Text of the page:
Combined with insights into the social, environmental, economic and demographic context, our effort will yield a deep quantitative understanding of past pandemics that will allow us to draw a detailed picture of pandemic and epidemic diseases in the pre-modern era.
The project will investigate economical aspects and regulatory constraints of introducing by-products into the human food chain by the bioconversion of these into microbial ingredients, and document environmental footprint of these ingredients for fish feed.
The research project CIRCit held its final workshop presenting research results on how companies can transition to circular economy. The project contributes to the Nordic Council of Minister’s Vision 2030 towards greener Nordic societies.
The NordAqua NCoE brings internationally recognized Nordic senior scientists and younger PIs together with experts in industrial biorefinery fields in order to generate a multidisciplinary platform for rapid transition to sustainable blue bioeconomy.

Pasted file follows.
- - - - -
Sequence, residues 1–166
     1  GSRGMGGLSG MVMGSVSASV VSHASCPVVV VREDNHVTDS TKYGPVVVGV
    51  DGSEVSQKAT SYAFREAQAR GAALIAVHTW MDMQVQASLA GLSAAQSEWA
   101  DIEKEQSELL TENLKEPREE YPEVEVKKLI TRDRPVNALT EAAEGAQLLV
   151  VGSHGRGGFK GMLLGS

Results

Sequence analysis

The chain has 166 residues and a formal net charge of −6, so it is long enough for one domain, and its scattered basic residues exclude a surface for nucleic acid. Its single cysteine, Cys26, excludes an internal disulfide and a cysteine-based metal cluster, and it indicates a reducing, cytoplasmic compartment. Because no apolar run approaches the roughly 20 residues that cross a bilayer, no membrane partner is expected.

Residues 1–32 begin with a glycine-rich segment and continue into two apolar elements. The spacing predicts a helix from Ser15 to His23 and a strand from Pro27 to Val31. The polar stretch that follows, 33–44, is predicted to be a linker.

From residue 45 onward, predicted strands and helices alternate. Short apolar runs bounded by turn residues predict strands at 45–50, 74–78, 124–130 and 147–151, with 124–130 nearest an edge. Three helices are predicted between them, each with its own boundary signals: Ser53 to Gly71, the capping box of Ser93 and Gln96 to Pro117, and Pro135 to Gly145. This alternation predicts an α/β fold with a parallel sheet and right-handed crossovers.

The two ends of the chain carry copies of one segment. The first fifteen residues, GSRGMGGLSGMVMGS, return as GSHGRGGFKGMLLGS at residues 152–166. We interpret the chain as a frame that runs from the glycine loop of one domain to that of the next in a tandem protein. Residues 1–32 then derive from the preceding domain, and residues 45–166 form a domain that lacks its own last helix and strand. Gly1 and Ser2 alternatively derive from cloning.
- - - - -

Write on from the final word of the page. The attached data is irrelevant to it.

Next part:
The overall aim of the programme is to produce new knowledge on how to foster and advance the transition to a bio-based economy in the Nordic countries by integrating research, innovation and entrepreneurship in the private and public sectors.
Circular Economy (CE) is a promising approach towards maximizing value by increasing resource productivity, enhancing energy efficiency, lowering resource consumption and decreasing waste. By transitioning to a CE, Nordic Industry as a whole can pave the way for modern sustainability thinking and establish itself as benchmark in the field, whilst also enhancing its position in the highly competitive international market.
The new strategic narrative of green growth is increasingly adopted by governments across the world in their ambition and plans to green their economies. It allows environmental sustainability to be cast as a question of opportunity, rather than costly restraint. Still, the deliverance of green growth involves a transition where the economic and societal changes required are deep, structural and systemic, rather than marginal.